Si wrote:
Planting a pear tree close to the house is supposed to be lucky.
Peonis are supposed to scream if you dig them up, as are mandrake roots. I'm sure Steve Jones will verify!    


We had a pear tree right against the gable end of our house in Meynell Road Colton in the 1940s and it was decidedly unlucky - split it from top to bottom so wide you could see daylight through it. The pears were delicious though - used to fill the house's tin bath with them and sell them to passers by.
Si
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Postby Si » Tue 12 Jan, 2010 9:54 am

tilly wrote:
Steve Jones wrote:
Rowan trees are lucky to have in the garden as they are supposed to keep away witches(never kept me away though<G>). Carters used to carry whips made from rowan wood so that people couldn't cast spells on their horses.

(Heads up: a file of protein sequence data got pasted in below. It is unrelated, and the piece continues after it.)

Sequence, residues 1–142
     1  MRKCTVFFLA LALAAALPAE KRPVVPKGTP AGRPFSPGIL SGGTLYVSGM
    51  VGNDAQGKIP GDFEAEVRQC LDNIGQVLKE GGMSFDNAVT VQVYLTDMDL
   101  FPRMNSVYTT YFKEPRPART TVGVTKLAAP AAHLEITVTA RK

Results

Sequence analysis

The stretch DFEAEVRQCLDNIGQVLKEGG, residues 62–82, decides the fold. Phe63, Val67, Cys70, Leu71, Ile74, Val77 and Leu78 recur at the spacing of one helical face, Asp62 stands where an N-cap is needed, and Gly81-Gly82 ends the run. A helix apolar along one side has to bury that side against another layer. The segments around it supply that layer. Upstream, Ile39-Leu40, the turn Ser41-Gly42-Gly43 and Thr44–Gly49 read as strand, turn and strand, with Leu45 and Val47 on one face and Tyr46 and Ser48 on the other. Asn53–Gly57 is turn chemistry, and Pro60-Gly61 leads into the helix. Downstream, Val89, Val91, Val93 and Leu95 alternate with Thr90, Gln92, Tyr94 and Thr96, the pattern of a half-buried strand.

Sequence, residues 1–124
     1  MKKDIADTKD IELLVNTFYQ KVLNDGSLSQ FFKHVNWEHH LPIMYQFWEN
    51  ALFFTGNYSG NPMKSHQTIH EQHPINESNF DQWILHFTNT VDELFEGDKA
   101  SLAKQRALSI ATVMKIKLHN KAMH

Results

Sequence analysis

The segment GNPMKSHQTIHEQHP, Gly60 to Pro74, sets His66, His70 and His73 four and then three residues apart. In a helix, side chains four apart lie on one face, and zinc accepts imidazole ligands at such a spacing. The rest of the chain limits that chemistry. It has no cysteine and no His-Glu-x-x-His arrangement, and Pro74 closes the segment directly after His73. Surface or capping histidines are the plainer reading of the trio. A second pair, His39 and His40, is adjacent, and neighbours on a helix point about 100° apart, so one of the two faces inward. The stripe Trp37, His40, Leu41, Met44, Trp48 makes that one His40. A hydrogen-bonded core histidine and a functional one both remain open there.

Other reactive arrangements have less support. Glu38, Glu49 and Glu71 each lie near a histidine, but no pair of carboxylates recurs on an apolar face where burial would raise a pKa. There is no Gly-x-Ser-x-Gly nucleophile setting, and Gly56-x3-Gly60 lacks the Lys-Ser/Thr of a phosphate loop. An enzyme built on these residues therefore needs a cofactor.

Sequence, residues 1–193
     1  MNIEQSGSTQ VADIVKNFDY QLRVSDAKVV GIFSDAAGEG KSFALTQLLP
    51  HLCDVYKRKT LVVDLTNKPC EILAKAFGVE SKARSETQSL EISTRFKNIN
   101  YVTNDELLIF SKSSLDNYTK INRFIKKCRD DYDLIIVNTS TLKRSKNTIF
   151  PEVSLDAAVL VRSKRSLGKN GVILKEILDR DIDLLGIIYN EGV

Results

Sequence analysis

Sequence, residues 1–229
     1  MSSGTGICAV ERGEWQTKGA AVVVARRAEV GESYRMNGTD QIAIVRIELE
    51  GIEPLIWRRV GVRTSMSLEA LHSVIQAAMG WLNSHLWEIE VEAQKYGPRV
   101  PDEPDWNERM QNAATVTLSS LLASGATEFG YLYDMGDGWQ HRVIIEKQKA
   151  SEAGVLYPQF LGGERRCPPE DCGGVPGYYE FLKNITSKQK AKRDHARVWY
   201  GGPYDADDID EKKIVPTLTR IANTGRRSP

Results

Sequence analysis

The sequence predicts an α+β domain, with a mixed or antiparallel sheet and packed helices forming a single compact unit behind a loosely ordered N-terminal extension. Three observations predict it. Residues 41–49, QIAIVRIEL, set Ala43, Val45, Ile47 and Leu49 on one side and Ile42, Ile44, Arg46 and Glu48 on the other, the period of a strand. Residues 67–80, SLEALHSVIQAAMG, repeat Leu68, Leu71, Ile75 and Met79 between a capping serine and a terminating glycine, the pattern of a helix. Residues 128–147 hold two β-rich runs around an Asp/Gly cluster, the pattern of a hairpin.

i suspect the association with witchcraft got confused and that is why some people thought they were unlucky.

In Pannet Park Museum Whitby there are one or two bits of rowan i think they are carved they came from old cottages that were pulled down and it states they were put in the cottages as steve says to keep away witches.Also in there is a human hand that has been dryed it was used by a burgler to hold a candle it was supposed to make him invisable at night.Honest i did not make this up go see for yourselfs.

It's true, Tillydowner. It was called "The Hand of Glory" I think.

Arry Awk
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Postby Arry Awk » Tue 12 Jan, 2010 5:06 pm

Trojan wrote:
Steve Jones wrote:
Bringing may blossom into the house was supposed to be very unlucky,this actually goes back to the fact that it was a Pagan custom so the church tried to stop it by declaring it unlucky.